by Sam Juliano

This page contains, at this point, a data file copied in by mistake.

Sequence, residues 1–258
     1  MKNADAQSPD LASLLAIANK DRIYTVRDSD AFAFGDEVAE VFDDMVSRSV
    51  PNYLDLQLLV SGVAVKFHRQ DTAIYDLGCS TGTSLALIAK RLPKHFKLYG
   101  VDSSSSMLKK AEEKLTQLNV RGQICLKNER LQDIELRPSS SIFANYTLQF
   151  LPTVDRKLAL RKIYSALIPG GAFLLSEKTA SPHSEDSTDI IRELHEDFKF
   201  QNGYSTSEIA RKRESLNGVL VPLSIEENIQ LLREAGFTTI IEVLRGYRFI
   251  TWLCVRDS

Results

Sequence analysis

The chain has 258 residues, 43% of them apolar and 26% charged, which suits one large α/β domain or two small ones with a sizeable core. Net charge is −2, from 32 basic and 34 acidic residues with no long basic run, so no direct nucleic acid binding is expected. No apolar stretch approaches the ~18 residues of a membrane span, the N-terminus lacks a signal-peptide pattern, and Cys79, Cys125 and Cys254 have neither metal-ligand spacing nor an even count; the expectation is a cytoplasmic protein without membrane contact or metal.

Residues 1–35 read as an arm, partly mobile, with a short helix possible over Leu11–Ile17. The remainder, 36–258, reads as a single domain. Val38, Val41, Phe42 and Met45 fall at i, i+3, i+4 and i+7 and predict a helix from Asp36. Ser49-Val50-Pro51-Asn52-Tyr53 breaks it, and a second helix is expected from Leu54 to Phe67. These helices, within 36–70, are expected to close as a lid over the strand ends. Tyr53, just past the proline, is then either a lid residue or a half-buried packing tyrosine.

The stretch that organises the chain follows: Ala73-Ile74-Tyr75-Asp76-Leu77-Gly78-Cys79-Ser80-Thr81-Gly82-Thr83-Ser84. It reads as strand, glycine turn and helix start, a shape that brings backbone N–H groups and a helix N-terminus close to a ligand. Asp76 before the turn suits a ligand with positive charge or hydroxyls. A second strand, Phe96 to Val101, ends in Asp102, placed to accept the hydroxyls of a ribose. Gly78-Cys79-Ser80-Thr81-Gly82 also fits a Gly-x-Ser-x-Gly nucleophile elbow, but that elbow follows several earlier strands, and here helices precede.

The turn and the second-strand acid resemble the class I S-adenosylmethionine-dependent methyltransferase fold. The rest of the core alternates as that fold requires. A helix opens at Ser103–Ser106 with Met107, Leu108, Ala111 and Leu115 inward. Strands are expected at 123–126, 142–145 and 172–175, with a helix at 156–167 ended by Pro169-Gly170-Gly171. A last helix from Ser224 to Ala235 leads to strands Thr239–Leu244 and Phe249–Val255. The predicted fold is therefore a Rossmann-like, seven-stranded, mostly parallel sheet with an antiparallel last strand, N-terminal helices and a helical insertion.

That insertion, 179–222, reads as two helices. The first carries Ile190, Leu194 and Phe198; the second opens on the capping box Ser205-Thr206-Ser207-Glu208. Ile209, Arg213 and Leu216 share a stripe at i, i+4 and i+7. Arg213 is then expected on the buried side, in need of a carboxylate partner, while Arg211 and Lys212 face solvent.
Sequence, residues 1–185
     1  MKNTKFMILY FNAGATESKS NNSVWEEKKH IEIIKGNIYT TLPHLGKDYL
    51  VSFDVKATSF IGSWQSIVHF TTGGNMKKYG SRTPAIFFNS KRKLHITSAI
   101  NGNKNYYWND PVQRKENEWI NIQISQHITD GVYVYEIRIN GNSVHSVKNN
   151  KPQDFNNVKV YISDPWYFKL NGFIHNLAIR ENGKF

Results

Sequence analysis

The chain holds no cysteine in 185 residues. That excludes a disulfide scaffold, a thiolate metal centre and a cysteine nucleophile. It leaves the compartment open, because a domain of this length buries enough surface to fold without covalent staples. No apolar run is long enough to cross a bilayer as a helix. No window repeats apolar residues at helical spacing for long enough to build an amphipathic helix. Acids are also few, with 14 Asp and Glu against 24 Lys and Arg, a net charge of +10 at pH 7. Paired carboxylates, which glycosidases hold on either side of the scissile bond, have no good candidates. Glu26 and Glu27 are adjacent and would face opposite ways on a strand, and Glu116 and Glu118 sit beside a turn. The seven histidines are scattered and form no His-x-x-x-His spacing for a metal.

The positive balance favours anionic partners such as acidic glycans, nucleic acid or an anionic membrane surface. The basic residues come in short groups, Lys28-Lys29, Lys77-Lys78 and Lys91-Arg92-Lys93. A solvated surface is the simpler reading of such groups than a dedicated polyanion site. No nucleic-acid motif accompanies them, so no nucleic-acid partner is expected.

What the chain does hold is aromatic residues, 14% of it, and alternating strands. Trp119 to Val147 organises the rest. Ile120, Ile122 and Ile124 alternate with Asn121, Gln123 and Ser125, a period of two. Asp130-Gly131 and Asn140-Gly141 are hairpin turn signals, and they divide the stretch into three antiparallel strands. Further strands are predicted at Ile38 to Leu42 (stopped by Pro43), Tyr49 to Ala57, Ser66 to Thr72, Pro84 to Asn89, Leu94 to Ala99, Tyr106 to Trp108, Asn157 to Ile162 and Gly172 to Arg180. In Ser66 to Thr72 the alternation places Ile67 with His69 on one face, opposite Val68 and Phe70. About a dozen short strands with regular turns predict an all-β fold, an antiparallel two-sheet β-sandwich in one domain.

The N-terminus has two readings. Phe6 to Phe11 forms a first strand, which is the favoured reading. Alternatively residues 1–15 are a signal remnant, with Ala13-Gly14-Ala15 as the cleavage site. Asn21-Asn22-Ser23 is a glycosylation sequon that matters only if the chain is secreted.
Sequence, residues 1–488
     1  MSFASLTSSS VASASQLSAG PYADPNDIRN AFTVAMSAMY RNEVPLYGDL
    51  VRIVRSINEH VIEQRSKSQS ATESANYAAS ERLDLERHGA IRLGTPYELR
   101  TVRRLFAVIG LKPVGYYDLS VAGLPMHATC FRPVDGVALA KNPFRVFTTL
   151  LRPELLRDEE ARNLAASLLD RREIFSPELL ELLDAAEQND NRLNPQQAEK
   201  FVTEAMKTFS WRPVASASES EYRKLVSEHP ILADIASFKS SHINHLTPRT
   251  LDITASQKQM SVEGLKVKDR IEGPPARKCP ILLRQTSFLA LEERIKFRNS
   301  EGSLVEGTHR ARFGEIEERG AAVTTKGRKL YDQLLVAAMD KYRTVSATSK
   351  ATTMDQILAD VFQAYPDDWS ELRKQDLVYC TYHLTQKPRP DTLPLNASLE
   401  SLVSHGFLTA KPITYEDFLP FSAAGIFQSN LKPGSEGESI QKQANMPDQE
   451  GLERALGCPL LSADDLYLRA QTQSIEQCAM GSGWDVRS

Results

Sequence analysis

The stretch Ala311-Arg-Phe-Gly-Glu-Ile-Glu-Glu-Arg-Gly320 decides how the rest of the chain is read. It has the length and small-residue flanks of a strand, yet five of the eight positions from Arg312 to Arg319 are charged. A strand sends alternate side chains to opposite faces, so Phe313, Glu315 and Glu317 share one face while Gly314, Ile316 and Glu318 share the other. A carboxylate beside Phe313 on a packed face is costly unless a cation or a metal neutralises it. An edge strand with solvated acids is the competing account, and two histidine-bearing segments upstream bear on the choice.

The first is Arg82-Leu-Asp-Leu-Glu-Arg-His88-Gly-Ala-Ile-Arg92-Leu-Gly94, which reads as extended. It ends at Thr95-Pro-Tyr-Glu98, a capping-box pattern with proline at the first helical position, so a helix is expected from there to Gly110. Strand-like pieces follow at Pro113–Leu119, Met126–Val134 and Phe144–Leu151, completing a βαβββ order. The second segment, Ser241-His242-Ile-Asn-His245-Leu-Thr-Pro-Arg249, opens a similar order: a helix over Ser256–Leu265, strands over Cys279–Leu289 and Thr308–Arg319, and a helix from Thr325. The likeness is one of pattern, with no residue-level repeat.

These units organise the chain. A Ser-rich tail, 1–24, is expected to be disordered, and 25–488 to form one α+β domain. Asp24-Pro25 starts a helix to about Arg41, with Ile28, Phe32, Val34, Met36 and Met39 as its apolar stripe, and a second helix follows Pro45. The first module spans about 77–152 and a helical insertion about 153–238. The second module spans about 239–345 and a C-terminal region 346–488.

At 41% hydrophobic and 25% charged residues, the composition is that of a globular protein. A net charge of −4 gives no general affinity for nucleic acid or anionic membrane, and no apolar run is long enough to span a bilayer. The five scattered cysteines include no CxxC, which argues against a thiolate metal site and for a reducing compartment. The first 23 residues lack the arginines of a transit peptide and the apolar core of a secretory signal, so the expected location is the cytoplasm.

Some may be inclined to label it a cross between Frances Hodgson Burnett’s 1911 novel The Secret Garden and Tim Burton’s exquisite 1990 dark fantasy film Edward Scissorhands, but in the end the defining spirit and essence of the staggeringly beautiful The Night Gardener by the Fan Brothers is fully attuned to the concept of passing on a special gift that will benefit succeeding generations. What happens in this sparsely worded but spaciously illustrated book is tantamount to a re-birth, a transformation, where creativity permanently replaces a longtime acceptance of the norm. It is a story about how an adult can pass on to an impressionable child the gift of a lifetime. The deceit of waking up to behold a new and astonishing treat from Mother Nature was of course integral to the narrative of Charlotte’s Web, where crowds from all over came to see the latest miracle at Homer Zuckerman’s barn. Though there isn’t a time frame explicitly asserted in The Night Gardener, the copyright page spread suggests the late 40’s/early 50’s by way of the car models and favored apparel. The opening sepia toned canvas turns out to be far more significant than it first appears to be, as it evokes a seemingly normal, everyday American town before the changes that will make it wholly extraordinary. We learn that the name of the street is Grimloch Lane, and that those who reside there are engaged in their own affairs – grocery shopping, carrying young children or transporting home tools by foot. It wouldn’t be too much of a stretch to see it in Thorton Wilder’s terms, though the name suggests something of the stagnant variety. Under the watchful eye of a young girl, everyone heads off in their own direction. If this was a mystery book, it would be difficult not to name the sinister looking fellow with his head down carrying a briefcase as the likely perpetrator in whatever events are to follow.